Although the HSW Act has now been in force for eight years, limited guidance has been provided by the Courts on these issues given the nature of the matters that have proceeded to trial.  While the decisions relating to the Whakaari eruption provided guidance on some aspects of the HSW Act, they contained very limited guidance in relation to the due diligence duty. In the case of Whakaari, the Court noted that the evidence before it in relation to the three directors of Whakaari Management Limited (Andrew, James and Peter Buttle) was insufficient to prove the charges against them, noting that the charges needed to be proven against each of them individually. The impact of the Whakaari decisions was addressed in our recent health and safety webinar, which can be viewed here.

While there has been limited New Zealand authority on the scope of due diligence duties, a recent decision from the District Court of New South Wales (NSW) in Australia, SafeWork NSW v Miller Logistics Pty Ltd [2024] NZSWDC 58 (referred to by Mr Gibson’s defence counsel), considered an officer’s due diligence duties under an equivalent provision in NSW. In that case, SafeWork NSW (the NSW equivalent of WorkSafe) alleged that the sole managing director of the company breached his due diligence duties following an incident involving a worker being struck by a forklift. In that case, the Court held that although there had been a failure by the PCBU, the officer had not failed to exercise due diligence. In particular:

  • The managing director was not a “hands-off” director in relation to work health and safety. Among other things, the managing director had employed a health and safety manager (who kept the managing director informed of various health and safety related matters), he kept abreast of health and safety matters, and he never pushed back in relation to spending money on these matters.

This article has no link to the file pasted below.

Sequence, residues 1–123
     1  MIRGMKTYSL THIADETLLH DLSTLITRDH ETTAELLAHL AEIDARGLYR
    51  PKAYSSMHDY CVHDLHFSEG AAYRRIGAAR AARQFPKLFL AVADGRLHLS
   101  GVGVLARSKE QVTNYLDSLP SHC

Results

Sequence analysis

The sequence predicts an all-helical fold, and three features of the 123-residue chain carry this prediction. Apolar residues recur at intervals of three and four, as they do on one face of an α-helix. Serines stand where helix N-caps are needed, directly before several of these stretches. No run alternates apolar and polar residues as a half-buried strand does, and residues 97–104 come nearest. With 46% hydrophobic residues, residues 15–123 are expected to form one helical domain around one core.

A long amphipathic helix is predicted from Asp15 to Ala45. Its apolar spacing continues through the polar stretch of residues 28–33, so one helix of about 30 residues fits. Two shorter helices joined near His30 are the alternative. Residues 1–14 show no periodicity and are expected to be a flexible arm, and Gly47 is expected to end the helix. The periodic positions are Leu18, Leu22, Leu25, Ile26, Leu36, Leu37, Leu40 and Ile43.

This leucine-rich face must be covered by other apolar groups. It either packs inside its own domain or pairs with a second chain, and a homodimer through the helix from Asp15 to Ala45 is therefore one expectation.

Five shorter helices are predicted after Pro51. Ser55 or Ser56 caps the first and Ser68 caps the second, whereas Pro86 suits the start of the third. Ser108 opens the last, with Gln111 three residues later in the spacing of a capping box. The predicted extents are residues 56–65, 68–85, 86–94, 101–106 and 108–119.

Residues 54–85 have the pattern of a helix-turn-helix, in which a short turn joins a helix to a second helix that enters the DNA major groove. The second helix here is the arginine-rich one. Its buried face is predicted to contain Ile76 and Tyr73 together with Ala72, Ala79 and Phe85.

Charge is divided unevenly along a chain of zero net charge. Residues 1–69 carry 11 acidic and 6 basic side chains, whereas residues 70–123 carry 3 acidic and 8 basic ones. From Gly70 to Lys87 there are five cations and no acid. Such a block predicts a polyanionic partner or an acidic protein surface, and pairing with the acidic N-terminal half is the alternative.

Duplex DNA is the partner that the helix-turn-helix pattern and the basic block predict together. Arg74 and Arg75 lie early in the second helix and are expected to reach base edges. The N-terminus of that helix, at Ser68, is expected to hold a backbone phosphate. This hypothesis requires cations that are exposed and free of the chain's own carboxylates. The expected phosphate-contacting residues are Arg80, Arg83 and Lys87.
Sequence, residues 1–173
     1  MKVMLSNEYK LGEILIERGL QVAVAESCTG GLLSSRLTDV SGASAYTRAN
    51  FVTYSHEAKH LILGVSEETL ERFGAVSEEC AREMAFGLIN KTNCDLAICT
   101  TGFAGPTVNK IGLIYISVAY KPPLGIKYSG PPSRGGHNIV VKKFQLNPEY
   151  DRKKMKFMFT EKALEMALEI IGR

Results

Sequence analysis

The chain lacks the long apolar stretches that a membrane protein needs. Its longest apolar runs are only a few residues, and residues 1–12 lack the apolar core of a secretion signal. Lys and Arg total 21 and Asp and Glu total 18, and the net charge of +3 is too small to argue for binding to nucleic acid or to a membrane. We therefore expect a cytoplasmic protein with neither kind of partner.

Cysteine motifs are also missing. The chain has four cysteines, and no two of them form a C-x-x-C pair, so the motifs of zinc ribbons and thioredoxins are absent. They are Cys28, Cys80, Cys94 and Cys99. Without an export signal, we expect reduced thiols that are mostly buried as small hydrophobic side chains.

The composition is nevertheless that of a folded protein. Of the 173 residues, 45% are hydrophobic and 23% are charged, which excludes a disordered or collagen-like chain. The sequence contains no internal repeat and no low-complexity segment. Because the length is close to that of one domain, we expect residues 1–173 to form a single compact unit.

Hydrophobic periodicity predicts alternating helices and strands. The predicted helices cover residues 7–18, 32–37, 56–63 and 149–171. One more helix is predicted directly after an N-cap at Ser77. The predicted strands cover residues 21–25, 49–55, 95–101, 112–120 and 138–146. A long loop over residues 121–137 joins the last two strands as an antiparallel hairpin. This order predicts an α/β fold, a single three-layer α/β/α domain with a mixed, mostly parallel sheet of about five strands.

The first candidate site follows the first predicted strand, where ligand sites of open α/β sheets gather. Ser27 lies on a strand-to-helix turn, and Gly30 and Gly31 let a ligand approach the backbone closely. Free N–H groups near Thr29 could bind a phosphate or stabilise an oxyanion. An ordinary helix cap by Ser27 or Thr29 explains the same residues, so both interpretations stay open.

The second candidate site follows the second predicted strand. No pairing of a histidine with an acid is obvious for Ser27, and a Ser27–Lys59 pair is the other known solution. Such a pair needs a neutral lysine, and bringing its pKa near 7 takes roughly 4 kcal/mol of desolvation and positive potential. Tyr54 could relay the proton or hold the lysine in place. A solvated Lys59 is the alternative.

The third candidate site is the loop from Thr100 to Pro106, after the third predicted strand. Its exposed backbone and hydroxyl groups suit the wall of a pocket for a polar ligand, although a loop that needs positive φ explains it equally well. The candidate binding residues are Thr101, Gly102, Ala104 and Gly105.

• The Court held that the managing director “cannot know everything that is going on at any given moment” and that “[t]o run a corporation there must be a level of delegation”.

Whether the Court reaches a similar conclusion in this case is something that we will be watching with interest.

Given its significance, we will be following developments in this case and will provide further updates on it when available.

If you have any questions about the matters raised in this article, please get in touch with the contacts listed or your usual Bell Gully adviser.

Disclaimer: This publication is necessarily brief and general in nature. You should seek professional advice before taking any action in relation to the matters dealt with in this publication.